It was all fun and games until a drunk, naked man and his (also naked) companion crashed into a tree near La Grande, Wash., on Nov. 22. Washington State Patrol spokeswoman Brooke Bova told The Olympian that the couple were engaging in intercourse when the driver missed a curve and left the highway. The woman was hospitalized with broken bones, but her 3-month-old child was unhurt in the backseat. The driver, who has three prior DUI convictions, was charged with felony driving under the influence, vehicular assault and endangering a child.
Male residents of Ringaskiddy in Ireland have at least one compelling reason to set down roots there: According to local lore, the nearby Pfizer plant, where Viagra is produced, emits "love fumes" that give men free erections. "One whiff and you're stiff," bartender Debbie O'Grady told The Times of London. Pfizer, however, disputes the tales, with a spokesperson saying: "Our manufacturing processes have always been highly sophisticated as well as highly regulated." Still, locals speak of a baby boom after the plant opened in 1998, and men apparently regularly gather near the facility to inhale the fumes.
Dovey the Shar Pei, of Edmond, Okla., might be just a bit jealous of the new baby at his owners' home. But in a classic passive-aggressive move, he settled on stealing pacifiers. Scott Rogers and his wife noticed that binkies were disappearing, but it wasn't until Dovey started vomiting and losing weight in early December that they tracked down the lost items. KFOR-TV reports that Dr. Chris Rispoli of Gentle Care Animal Hospital took an X-ray of Dovey's stomach and saw what he thought were seven to nine pacifiers. But when Rispoli opened up Dovey to remove them, he found 21 binkies. Turns out, Dovey was taking the pacifiers off the kitchen counter. "We've had corn cobs and socks and panties and things like that, but never 21 binkies," noted Rispoli.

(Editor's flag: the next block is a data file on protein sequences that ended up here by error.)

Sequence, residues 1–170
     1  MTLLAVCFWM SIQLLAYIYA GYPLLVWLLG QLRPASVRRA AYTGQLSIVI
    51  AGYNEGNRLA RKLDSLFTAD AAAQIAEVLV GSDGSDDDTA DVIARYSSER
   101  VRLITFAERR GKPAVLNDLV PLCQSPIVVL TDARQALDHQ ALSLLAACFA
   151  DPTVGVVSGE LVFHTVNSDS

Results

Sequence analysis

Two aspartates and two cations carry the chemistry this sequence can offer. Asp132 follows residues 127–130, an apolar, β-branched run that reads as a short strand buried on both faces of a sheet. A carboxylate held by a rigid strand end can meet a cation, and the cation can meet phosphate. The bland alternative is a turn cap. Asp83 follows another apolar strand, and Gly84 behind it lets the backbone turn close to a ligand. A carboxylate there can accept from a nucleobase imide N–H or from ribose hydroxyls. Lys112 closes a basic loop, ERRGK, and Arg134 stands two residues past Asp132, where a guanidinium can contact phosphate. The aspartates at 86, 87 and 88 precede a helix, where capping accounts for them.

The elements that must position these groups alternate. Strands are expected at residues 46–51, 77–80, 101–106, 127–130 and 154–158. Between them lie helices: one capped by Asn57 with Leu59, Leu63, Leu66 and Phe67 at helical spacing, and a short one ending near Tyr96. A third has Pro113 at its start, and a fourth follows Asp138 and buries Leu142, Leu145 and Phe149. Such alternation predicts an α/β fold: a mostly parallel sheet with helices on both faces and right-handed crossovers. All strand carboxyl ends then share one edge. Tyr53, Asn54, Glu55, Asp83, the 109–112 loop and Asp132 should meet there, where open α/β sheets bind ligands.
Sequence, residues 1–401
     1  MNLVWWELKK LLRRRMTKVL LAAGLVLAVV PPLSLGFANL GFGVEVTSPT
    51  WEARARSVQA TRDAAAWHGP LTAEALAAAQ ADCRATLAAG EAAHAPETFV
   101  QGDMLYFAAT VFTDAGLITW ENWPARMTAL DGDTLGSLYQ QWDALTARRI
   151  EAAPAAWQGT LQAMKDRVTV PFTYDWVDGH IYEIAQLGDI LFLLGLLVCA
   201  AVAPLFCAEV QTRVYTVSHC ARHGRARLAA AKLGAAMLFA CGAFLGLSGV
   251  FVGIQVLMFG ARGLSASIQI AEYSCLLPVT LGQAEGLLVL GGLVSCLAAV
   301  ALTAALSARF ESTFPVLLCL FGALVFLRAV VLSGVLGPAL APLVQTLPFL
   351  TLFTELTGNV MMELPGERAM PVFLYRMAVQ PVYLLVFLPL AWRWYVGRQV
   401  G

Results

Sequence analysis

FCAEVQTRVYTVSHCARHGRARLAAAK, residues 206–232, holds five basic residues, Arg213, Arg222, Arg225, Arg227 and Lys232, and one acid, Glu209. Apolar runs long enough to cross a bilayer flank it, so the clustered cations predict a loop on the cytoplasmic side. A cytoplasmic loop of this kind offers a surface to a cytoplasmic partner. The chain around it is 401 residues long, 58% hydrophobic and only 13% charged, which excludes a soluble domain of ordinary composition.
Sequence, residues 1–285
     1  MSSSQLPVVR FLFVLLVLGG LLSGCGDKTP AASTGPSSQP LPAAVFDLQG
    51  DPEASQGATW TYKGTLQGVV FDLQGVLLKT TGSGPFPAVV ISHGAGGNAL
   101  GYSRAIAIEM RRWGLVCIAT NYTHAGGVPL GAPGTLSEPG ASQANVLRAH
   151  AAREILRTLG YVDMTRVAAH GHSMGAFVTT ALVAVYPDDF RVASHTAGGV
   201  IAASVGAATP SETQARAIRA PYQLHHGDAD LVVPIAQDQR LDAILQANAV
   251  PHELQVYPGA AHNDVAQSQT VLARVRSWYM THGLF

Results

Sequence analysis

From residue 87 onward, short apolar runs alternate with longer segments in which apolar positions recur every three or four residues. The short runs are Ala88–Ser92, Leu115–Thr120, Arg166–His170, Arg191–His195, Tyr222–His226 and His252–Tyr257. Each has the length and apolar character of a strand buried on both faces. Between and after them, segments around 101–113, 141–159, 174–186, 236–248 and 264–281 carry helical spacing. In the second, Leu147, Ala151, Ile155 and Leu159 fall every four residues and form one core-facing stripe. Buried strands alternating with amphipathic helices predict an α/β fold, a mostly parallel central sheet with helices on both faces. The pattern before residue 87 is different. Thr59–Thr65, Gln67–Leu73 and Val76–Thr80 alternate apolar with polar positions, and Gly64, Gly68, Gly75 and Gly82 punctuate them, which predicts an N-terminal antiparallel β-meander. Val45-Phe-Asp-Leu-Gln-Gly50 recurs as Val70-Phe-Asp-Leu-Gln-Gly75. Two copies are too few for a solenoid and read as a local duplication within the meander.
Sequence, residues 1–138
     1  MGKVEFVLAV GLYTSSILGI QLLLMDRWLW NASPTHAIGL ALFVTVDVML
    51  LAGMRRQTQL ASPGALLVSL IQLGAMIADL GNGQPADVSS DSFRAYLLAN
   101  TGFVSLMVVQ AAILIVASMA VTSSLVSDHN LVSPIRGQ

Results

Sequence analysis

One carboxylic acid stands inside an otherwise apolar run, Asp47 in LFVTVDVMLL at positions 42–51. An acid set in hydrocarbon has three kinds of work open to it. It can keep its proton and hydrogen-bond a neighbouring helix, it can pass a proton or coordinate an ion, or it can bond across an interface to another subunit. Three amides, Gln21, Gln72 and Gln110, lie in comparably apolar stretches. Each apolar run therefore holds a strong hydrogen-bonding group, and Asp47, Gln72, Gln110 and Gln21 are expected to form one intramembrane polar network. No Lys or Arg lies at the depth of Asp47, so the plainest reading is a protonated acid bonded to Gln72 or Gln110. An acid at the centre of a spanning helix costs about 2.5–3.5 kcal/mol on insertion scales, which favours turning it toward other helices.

The Voices in Our Heads
In Parkland, Wash., state troopers and Pierce County Sheriff's officers responded to a call on Nov. 25 about a man who had stopped his SUV in the middle of an intersection and was waving around an AK-47 and screaming about "lizard people." The 54-year-old Eatonville man obeyed when officers ordered him to lie on the ground, but resisted being handcuffed until officers tased him. He told them he had "snorted methamphetamine to lose weight" and that President Donald Trump had called his home to warn him that the lizard people were coming and his family members were already being held hostage by the "alpha dragon," according to The News Tribune. "The lizard people are real," he told police, explaining that he wanted to attract attention so that his "story could be documented for history."
Claudell Curry, 82, and his wife, Odell Marie, 83, heard a loud crashing noise as they watched TV in their San Bernardino, Calif., home on the evening of Dec. 10. Imagine their surprise when it was not Santa Claus, but instead a block of ice the size of a car engine, which had torn through their roof and landed on their bed. Federal Aviation Administration spokesman Ian Gregor said about a similar incident in November that the ice might have dropped off a passenger airliner, having formed after a leak in the galley. Neither of the Currys was hurt, but, "We shiver every time we think we could have been in bed," Claudell told The San Bernardino Sun.